Which demographic, economic, political and social factors are important for developing lead markets of electric and hydrogen fuel cell vehicles, both potential breakthrough technologies for a more sustainable future transport system? Several JRC studies revealed that infrastructure availability, privileged access to dedicated lanes, parking facilities, adapted city centres, commuting behaviour, the environmental footprint and fuel cost savings are important drivers. With the help of experts these were analysed at regional and city level in order to identify possible early-adopter markets for these innovative technologies.
In a business-as-usual scenario, in 2020 the experts envisage only a few insular lead markets for electric vehicles and a relatively limited number of more connected lead market regions in 2030. In a more optimistic scenario, there could be a wider distribution of electric vehicles in 2030 across most of Germany, the Netherlands, France, the UK, Ireland, and Italy. The cities of London, Madrid, Berlin, Paris, and Rome would show high electric vehicle sales under this scenario.
The JRC assessments have indicated that in 2030 Sweden, Finland and Austria show, according to our analysis, one of the highest lead market scores for hydrogen fuel cell vehicles. According to the study the difference of the lead market potential between the EU15 and EU12 would be smaller in 2050.
Lead market score for Plug-in hybrid electric vehicles potential of European regions and cities in EU27 in 2030 according to a JRC study.
With the help of a fleet impact model, the JRC also calculated that the deployment of hybrids, plug-in hybrid, battery electric, and fuel cell vehicles can – depending on the scenario – decrease CO2 emissions in EU-27 passenger road transport by 35–57% and primary energy demand by 29–51 Mtoe (million tonnes of oil equivalent) in 2050 versus the baseline scenario. These improvements would be realised by the higher efficiency of advanced vehicles and by the fact that electrified cars could be fuelled by a decarbonised European electricity and hydrogen mix. The research also showed that, already in the 2020 to 2030 timeframe, technology learning effects can lead to acceptable payback periods for electric drive vehicles owners.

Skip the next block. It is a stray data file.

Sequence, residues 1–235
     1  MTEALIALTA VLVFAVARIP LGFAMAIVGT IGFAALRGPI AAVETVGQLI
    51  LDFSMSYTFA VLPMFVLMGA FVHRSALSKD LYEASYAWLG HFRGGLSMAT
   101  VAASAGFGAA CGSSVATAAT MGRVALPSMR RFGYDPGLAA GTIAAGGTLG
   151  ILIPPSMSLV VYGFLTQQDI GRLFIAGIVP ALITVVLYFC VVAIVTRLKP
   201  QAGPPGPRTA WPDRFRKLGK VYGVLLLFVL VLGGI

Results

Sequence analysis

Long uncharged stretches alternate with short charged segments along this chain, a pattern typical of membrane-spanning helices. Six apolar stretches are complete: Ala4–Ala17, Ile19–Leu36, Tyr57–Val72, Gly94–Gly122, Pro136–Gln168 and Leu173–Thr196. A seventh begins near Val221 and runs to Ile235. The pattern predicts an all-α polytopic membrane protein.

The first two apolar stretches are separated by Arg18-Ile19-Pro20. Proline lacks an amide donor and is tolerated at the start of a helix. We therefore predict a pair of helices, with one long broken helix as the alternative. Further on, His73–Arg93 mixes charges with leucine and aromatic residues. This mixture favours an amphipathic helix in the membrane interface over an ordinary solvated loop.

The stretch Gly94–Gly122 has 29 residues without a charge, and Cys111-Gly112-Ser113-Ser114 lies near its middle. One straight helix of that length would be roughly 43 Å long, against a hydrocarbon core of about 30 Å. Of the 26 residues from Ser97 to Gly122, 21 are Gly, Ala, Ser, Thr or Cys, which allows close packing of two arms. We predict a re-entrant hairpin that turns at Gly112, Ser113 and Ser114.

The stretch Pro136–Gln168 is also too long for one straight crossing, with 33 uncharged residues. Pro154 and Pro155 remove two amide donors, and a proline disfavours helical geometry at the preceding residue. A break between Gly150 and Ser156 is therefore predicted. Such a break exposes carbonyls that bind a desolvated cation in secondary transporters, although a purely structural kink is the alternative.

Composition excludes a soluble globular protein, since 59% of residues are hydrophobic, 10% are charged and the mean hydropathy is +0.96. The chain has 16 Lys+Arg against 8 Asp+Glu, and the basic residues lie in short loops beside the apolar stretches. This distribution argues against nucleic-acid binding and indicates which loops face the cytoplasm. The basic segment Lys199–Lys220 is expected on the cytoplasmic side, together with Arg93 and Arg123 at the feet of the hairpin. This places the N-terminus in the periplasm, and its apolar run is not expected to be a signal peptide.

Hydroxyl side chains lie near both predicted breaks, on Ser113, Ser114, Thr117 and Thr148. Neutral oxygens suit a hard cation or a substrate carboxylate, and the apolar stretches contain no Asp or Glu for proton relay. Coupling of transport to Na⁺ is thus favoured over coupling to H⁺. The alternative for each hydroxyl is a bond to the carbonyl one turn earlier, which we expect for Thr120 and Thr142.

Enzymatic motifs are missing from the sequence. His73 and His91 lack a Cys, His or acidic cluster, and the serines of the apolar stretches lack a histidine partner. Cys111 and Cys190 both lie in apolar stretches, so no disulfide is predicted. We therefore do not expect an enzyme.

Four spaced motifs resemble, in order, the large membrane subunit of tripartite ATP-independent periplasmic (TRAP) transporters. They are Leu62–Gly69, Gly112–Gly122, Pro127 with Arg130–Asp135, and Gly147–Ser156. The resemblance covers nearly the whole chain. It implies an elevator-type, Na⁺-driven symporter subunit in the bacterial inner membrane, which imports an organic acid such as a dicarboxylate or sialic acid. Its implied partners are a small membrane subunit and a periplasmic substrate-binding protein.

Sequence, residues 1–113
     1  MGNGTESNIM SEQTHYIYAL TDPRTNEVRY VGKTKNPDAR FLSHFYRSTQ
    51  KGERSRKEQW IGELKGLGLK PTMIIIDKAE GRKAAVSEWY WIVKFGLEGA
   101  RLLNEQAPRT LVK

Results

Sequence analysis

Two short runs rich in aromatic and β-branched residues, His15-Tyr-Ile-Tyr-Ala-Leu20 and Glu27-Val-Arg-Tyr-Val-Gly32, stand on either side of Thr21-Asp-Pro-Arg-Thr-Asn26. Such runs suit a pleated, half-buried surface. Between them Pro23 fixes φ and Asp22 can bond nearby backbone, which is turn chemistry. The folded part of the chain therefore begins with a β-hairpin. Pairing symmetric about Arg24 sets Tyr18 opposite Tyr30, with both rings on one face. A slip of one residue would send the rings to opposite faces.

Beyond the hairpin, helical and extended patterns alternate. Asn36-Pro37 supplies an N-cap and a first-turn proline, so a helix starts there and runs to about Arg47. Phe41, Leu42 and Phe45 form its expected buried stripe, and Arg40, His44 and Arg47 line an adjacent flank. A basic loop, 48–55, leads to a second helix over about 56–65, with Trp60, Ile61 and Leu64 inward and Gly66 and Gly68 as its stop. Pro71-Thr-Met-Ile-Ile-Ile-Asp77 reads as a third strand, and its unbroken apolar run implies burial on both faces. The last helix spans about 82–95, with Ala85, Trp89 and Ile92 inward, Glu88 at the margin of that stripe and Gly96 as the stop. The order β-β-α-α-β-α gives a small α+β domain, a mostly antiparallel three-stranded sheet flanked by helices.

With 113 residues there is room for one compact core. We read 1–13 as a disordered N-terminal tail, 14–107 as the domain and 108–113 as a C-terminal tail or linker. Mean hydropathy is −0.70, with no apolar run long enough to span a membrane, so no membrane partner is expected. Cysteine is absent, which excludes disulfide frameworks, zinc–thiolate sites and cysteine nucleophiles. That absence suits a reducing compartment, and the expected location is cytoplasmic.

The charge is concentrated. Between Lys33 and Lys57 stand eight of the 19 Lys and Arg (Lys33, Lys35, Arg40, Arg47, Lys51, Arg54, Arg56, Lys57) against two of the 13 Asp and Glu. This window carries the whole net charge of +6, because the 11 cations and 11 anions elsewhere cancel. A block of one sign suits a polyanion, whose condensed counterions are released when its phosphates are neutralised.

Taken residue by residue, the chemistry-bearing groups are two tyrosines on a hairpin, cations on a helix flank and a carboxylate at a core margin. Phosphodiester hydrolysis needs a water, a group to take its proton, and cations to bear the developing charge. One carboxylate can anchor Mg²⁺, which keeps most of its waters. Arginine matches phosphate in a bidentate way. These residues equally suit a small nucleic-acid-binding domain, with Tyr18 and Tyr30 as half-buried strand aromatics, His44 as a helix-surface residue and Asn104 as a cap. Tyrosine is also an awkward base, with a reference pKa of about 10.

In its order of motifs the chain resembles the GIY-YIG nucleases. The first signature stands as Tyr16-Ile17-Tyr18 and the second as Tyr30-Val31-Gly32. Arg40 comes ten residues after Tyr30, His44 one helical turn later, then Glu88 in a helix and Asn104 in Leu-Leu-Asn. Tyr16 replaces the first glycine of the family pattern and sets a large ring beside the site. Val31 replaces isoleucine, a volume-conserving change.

The results of these studies can help policy makers to identify measures that could foster the development of electric and hydrogen lead market regions. This is especially crucial as a large scale deployment of hydrogen and electric vehicles goes together with the development of the related infrastructure needs. Lead markets will be the nuclei for further market replication and spread. Furthermore, the JRC's work can be used to guide cohesion policies aiming at a sustained and widespread deployment of these environmentally friendly vehicles across the EU.